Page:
Pu’s at a floo’er wi’ a weary sigh,
An’ laich, laich, she is coontin’ ever
‘This year, neist year, sometime, never,
When will the war be by?’

‘Weel, wounded, missin’, deid,’
Is there nae news o’ oor lads ava’
Are they hale an’ fere that are hine awa’?
A lass raxed oot for the list, to read –
‘Weel, wounded, missin’, deid ‘
An’ the war was by for twa.


by Charles Murray


You can only imagine Jane’s horror and anguish when within a few days she received the additional and more tragic news that her youngest son, Fred had been killed.  It seems so much for one person to suffer in such a short period of time and highlights the danger of family members serving together in the same units.

The Aberdeen Evening Express of the 8 May 1918 officially reported the death of Fred detailing that he was killed in action between the 9th and 14th April.


War of course is always a bonus for bureaucrats and amongst some of the most touching records available are the UK Army Registers of Soldiers Effects.  These detail the money and belongings returned to the next of kin of officer’s killed or who died in service.

The record gave details of Fred’s death between the 9th and 14th and his mother Jane received the sums due on the 12 December 1919.  Fred, like other soldier’s, was encouraged to complete a will before heading off to war and an Inventory presented at Aberdeen Sheriff Court shows that his total estate of £59 5s 5d, including the £14 15s 10d of pay due to him by the War Office.  This was granted on the 21 August 1918 to his mother.

Fred Bruce is commemorated on the Kirkton of Skene War Memorial in Aberdeenshire.  It was unveiled in April 1921 with the names of 33 men from the Parish who died in the war, a heavy toll for a small rural parish.  During the service the names of the 33 lost were read out and the memorial, comprising of a “fine-axed Kemnay granite obelisk” was unveiled by Brigadier-General G. G. H. Hamilton, DSO of Skene.  Amongst the tunes played at the service was that anthem of Scotland’s loss in wars and conflicts – Flowers of the Forest.


The face of Fred Bruce features in a commemorative booklet that was produced at the time of the memorial’s unveiling and is shown at the start of this blog.  We can be happy that this document helps capture his face which would otherwise be lost.  It is an image of a young, fresh-faced and innocent young man, probably taken in 1916 on his enlistment, who has his future ahead of him, a future which was tragically never fulfilled


By Laika ac from USA – Ploegsteert Memorial, CC BY-SA 2.0,

In 2011, accompanied by my wife Julie and my then 7-year-old daughter Emma, I visited the site in Belgium where Fred is commemorated.   His body was never recovered and he may still lie at peace in some field in Flanders as yet undiscovered.  Alternatively, he may lie under one of the hundreds of headstones for unknown soldiers with the emotive statement “A Soldier of the Great War” and “Known Unto God”.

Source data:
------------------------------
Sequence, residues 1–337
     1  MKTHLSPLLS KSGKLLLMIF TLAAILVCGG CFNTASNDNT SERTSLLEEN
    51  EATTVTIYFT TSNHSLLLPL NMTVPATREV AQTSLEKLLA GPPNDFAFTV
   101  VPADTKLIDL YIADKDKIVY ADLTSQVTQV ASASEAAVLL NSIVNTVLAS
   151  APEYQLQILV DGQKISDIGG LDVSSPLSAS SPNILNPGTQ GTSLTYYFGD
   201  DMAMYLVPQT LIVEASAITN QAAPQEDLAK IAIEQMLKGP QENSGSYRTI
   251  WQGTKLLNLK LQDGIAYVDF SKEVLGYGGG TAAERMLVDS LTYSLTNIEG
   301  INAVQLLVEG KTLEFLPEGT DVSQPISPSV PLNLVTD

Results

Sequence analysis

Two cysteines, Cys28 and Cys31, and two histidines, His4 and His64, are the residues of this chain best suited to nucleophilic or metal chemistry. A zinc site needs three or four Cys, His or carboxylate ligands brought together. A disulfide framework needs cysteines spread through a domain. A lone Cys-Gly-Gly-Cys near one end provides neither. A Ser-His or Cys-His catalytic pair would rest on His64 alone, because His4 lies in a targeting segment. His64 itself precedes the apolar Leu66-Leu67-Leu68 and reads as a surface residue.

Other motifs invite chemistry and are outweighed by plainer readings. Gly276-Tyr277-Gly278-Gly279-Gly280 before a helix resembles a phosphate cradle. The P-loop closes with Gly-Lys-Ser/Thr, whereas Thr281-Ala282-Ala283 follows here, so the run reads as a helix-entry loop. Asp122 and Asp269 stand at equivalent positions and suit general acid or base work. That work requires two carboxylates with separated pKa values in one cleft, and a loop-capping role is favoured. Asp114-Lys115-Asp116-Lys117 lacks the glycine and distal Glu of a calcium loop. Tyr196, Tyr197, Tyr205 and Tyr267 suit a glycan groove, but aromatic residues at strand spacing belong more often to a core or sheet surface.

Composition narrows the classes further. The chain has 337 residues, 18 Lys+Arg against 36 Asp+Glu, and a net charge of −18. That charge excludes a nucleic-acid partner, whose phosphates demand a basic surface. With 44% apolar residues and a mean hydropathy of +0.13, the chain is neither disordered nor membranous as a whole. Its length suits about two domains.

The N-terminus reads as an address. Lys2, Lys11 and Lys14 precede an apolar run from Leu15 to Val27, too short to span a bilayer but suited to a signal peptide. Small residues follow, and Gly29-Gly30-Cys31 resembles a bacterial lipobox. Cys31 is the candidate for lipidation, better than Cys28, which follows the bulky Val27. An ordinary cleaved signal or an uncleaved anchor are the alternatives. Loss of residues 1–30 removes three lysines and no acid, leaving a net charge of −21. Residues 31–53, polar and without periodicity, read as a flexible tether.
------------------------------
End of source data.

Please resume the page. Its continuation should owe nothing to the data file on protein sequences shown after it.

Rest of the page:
There in a list of names and almost 700 miles from his homeland of Aberdeenshire is carved the name BRUCE, F.  It seemed a small and somewhat unremarkable commemoration to a 21 years of a life lived and whose loss which must have had such an impact on his family, not least his mother Jane who lived only 2 further years after his death and died in September 1920.

As the Centenary of World War One draws to a close in 2018 efforts are now being made to ensure that the records and histories of those lost are retained for future generations.  For those killed in World War One who had children back in Britain and other countries, their loss in most respects is more tragic.  However, their remembrance is almost assured by current and future descendants.  For those lost so young and before they married and had their own offspring the danger is that their stories are forgotten and memory lost.  It is so important for those of us who have people such as Fred Bruce in our family trees to ensure that their service and loss are never be forgotten.

As the centenary of Fred’s death is on us may he rest in peace and never be forgotten.


To you from failing hands we throw
The torch; be yours to hold it high.
If ye break faith with us who die
We shall not sleep, though poppies grow
In Flanders fields.

By John McCrae


Births (CR) Scotland. Midmar, Aberdeen. 4 January 1897. BRUCE, Frederick. 222/00. 002. 004. National Records of Scotland

Census. 1901. Scotland. Midmar, Aberdeen. 222/00. 002. 001. 003. [William BRUCE]. National Records of Scotland

Census. 1911. Scotland. Skene, Aberdeen. 238/00. 001. 004. 015. [William Bruce]. National Records of Scotland

The Long Long Trail.

The 51st Highland Division.

By Laika ac from USA – Ploegsteert Memorial, CC BY-SA 2.0,

Commonwealth War Graves Commission.

British Newspaper Archives.

WWScotland – Commemorating WW1.